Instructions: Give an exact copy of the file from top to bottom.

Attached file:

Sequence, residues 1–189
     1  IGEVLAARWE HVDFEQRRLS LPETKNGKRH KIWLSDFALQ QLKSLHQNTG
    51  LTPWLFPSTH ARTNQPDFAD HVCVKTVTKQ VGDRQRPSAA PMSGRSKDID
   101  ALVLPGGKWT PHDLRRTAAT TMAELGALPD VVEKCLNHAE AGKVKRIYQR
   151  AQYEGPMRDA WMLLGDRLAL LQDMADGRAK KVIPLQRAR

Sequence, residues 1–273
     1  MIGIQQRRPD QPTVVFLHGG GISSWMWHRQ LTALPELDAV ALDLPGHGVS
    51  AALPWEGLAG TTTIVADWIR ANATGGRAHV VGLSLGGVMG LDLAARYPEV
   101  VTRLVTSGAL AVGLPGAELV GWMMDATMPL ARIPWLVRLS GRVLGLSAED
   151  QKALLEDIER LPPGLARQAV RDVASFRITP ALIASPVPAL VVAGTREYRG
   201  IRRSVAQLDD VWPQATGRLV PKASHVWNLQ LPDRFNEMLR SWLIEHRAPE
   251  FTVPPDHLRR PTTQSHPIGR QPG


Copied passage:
Sequence, residues 1–189
     1  IGEVLAARWE HVDFEQRRLS LPETKNGKRH KIWLSDFALQ QLKSLHQNTG
    51  LTPWLFPSTH ARTNQPDFAD HVCVKTVTKQ VGDRQRPSAA PMSGRSKDID
   101  ALVLPGGKWT PHDLRRTAAT TMAELGALPD VVEKCLNHAE AGKVKRIYQR
   151  AQYEGPMRDA WMLLGDRLAL LQDMADGRAK KVIPLQRAR

Sequence, residues 1–273
     1  MIGIQQRRPD QPTVVFLHGG GISSWMWHRQ LTALPELDAV ALDLPGHGVS
    51  AALPWEGLAG TTTIVADWIR ANATGGRAHV VGLSLGGVMG LDLAARYPEV
   101  VTRLVTSGAL AVGLPGAELV GWMMDATMPL ARIPWLVRLS GRVLGLSAED
   151  QKALLEDIER LPPGLARQAV RDVASFRITP ALIASPVPAL VVAGTREYRG
   201  IRRSVAQLDD VWPQATGRLV PKASHVWNLQ LPDRFNEMLR SWLIEHRAPE
   251  FTVPPDHLRR PTTQSHPIGR QPG